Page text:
Conclusion

What next? The long-term purpose of this document is to standardize Community Medicine teaching and training of post graduate throughout the state by organizing a dissemination seminar for faculty, professional and regulatory bodies and members of the university’s board of studies committee. Enlisting support and feedback from different colleges of the state would result in achieving uniformity in postgraduate teaching of the subject. We are sure this Technical Document will go a long way in revamping the Community Medicine subject not only in the state but throughout all colleges of India.

Take Home Messages

  • It is learnt that the Competency-based curriculum highlights benefits and is a valuable vehicle for acquiring competencies in all three domains viz; knowledge, skills and attitude.
  • There are challenges involved in operationalization viz; it requires more time and effort from faculty, at least in the initial phases of curriculum development. Other challenges include; finding ways to include internal assessment marks in the university examination.
  • We learned that this type of competency based curriculum is feasible within a conventional medical curriculum.

Notes On Contributors

Dr. Shobha Misra, Professor & Head, Dept. of Community Medicine, PDU, Govt. Medical College Rajkot, Gujarat, India. M.D. (PSM), DHA, NDDY, PGDMRCHP, Grad Certificate in Clinical Investigation (USF), Certificate HRMH, FAIMER FELLOW (Philadelphia), FIAPSM.

Dr. Vihang MazumdarProfessor & Head, Dept. of Community Medicine, Govt. Medical College Baroda, Gujarat, India. MD Community Medicine.

Acknowledgements

I render my sincere thanks to Secretary IAPSM-GC, for facilitating the need assessment study at the state level and acknowledge the contributions from all the PG Technical Advisory Council (TAC), all Technical Working Group (TWG) members of IAPSM-GC. My special thanks are to participants of needs assessment study, faculty involved in the course and PG students for whom this curriculum was prepared. Permission was sought from all of the individuals concerned to use such images and they were informed that their identity would be visible.

Figure 1 has been reproduced and adapted under 'Fair Use' principles from Kern, D. E., Thomas, P. A., Howard, D. M., et al. Curriculum Development for Medical Education: A Six Step Approach. p.6, Figure 1.1. © 1998, 2009 The Johns Hopkins University Press.

Source of Figure 2: The authors.

My special thanks are also to my mentors from FAIMER Institute Philadelphia, for my empowerment to design and implement the document.

Bibliography/References

Kern, D. E., Thomas, P. A., Howard, D. M., et al. (2009)Curriculum Development for Medical Education: A Six Step Approach’, 2nd edition. Johns Hopkins University Press.

Medical Council of India. New Delhi. Available at: http://www.mciindia.org (Accessed: 31st October 2017).

Misra, S. (2016) ‘Needs Assessment for Development of a common Post Graduate Curriculum in Community Medicine in Gujarat’ Unpublished project carried out as part of Advanced Course in Medical Education, Pramukhswami Medical College Karamsad, Gujarat, India.

Appendices

None.

Declarations

There are no conflicts of interest.
This has been published under Creative Commons "CC BY-SA 4.0" (https://creativecommons.org/licenses/by-sa/4.0/)

Ethics Statement

As this study was part of the curricular reforms within the conventional curriculum, ethical approval was not required. The first and second step to curriculum development, A needs assessment study using a Cross-sectional design, was conducted through administration of an online questionnaire to identify the need of a common Post Graduate Curriculum (Misra, S. 2016) underwent approval and exemption. EC registration no: ECR/85/Inst/GJ/2013 dated 06/01/15.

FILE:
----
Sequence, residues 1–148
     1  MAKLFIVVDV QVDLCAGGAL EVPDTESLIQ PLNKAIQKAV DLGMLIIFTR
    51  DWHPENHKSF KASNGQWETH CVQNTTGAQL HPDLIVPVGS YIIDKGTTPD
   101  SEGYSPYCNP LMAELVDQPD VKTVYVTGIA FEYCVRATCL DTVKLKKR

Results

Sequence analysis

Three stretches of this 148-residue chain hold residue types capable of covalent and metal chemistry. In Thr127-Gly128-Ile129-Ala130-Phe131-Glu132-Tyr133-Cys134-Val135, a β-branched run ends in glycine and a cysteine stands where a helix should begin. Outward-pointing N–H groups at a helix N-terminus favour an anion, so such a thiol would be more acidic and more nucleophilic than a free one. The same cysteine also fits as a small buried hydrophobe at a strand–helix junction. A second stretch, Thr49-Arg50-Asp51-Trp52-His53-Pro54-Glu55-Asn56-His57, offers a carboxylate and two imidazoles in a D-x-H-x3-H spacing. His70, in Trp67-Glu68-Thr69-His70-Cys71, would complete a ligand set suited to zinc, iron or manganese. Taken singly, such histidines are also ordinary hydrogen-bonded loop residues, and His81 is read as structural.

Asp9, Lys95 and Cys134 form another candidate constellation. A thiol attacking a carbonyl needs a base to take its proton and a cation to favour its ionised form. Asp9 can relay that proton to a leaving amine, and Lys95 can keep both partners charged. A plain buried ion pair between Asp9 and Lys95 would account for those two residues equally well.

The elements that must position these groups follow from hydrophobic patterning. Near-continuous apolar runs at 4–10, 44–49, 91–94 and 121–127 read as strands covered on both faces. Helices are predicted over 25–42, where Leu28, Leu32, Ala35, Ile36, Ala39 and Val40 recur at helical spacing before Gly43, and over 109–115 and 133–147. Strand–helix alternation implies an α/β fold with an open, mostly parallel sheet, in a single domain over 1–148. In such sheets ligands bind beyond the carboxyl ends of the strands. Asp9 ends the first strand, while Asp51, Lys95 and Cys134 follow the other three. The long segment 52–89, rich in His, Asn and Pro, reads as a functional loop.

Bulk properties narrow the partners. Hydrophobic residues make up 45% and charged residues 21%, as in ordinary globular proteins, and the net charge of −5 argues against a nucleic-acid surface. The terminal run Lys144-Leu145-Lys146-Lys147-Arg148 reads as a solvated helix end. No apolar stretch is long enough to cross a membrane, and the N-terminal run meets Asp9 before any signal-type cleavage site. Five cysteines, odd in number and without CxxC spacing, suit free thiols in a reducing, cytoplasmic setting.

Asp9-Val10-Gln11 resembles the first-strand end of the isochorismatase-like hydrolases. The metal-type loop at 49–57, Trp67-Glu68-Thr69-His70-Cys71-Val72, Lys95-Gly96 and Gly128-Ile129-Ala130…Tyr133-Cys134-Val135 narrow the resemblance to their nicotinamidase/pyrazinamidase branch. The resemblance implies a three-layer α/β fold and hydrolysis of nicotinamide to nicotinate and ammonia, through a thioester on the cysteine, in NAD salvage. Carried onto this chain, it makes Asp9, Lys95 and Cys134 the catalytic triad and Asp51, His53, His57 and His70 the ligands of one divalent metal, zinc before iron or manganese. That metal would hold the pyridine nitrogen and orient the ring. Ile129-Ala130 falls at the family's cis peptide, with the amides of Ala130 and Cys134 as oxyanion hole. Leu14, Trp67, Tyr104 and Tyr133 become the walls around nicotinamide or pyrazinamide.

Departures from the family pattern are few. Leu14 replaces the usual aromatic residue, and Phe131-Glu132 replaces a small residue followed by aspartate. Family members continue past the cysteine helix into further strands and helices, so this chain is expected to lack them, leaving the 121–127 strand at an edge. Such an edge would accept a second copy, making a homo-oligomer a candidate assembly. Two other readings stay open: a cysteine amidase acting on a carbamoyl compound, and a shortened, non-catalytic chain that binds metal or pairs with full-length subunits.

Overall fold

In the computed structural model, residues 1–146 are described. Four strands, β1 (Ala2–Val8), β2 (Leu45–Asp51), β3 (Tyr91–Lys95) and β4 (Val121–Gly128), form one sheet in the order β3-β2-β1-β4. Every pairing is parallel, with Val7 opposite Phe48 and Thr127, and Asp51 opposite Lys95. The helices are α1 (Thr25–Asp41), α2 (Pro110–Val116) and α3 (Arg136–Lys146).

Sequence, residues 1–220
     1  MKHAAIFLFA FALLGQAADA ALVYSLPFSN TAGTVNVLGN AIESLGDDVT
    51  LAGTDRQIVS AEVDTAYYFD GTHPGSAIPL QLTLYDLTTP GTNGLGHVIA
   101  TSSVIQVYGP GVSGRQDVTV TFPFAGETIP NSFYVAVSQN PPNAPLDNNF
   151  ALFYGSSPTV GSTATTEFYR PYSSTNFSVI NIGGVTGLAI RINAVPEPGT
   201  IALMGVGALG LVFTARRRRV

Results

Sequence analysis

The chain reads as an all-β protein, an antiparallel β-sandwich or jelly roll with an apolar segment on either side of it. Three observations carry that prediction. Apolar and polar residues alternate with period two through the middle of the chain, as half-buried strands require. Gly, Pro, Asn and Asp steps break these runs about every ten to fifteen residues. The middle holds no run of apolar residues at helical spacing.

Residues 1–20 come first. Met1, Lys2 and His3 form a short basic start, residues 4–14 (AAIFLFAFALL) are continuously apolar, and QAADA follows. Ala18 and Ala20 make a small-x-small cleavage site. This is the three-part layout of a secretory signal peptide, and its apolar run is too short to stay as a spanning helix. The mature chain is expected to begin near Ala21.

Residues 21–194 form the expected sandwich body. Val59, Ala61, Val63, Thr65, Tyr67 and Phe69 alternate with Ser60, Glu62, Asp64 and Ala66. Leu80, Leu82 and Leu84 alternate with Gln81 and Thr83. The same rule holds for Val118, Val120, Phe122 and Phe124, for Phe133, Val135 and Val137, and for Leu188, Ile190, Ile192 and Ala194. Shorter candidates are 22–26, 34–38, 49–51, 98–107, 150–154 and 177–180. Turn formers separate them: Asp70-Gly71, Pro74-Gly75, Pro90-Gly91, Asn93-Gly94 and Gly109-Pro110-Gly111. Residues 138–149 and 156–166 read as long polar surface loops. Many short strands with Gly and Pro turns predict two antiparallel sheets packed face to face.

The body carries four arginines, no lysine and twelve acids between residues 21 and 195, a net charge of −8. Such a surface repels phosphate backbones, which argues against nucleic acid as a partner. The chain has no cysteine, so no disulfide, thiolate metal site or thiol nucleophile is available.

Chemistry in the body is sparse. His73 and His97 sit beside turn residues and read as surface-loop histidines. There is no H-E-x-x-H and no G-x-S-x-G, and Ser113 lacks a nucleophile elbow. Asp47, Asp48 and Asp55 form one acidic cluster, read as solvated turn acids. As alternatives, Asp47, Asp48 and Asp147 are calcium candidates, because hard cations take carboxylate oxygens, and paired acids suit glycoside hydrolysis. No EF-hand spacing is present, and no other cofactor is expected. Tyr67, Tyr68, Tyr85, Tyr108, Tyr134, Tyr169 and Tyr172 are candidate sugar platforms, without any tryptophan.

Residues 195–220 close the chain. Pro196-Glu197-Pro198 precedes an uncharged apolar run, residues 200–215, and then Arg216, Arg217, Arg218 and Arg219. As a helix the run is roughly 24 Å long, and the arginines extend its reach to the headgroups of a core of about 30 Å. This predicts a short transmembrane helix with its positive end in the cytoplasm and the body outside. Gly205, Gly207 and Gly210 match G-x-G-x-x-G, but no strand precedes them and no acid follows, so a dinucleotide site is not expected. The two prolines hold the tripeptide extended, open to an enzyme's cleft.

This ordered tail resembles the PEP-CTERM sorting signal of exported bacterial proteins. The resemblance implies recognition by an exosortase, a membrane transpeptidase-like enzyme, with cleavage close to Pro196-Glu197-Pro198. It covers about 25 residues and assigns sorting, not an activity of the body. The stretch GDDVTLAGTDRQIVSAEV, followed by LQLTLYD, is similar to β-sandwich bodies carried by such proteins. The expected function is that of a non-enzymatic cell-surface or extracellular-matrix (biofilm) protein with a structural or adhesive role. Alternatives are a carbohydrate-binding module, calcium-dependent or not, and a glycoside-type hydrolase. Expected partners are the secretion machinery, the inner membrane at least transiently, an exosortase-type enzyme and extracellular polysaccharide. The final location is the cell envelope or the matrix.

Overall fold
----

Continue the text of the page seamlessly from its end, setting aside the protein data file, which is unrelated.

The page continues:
External Funding

This article has not had any External Funding

Reviews

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Madalena Folque Patricio - (15/05/2021) Panel Member Icon
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Congratulations to the authors for this excellent paper.
When I say ‘excellent’ I am thinking not only on the value of what was implemented but also on the way the paper was written, giving all details of what was done which allows readers to replicate this initiative if they wish.

Let me highlight some very positive aspects namely the fact that:
• Goals and objectives were based on the results of needs assessment
• Competency-based curriculum objectives included the three domains of cognitive, affective, and psychomotor learning (described in Bloom’s 1956 taxonomy)
• A curriculum mapping approach was implemented starting by defining goals and objectives (based on needs assessment) and then moving towards specific and measurable objectives
• Formal and informal evaluation of the programme has been implemented
• Microteaching, feedback and learners’ self-assessment were introduced in the programme
• The Six-Step Approach to Curriculum Development (Kern et al., 2009) was adopted.

My only suggestion would be to add a 7th step to Kern et al. approach,, namely, to introduce the reformulation and/or implementation of changes (based on 6th step of evaluation and feedback), before starting a new cycle, according to the approach of ‘learning, reflection and change’ proposed by Donald Schön already in 1983.

To conclude I would say that it was with great satisfaction that I also saw the ambitious and challenging sustainability plan stated by the authors, that is, ‘to standardize post graduate teaching/training Community Medicine across India, obtaining support and feedback from different state colleges to achieve uniformity. (Here I dare to propose the achieving harmonization instead of uniformity).

Therefore this paper is extremely important to show that this type of competency-based curriculum is feasible within a conventional medical curriculum.

Let me conclude by wishing a great success to the authors namely to achieve their ambitious and challenging sustainability plan across India
Ken Masters - (10/04/2021) Panel Member Icon
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This is a revised version of an already-strong paper. I am pleased to see that the authors have taken the Version 1 reviewers’ comments into account, and have addressed most of their concerns.

The Discussion is rather shorter than I would have liked, but, as this was not an issue pointed out by the reviewers, it is fine.

Well done on a useful piece of writing.

Possible Conflict of Interest:

For transparency, I am an Associate Editor of MedEdPublish.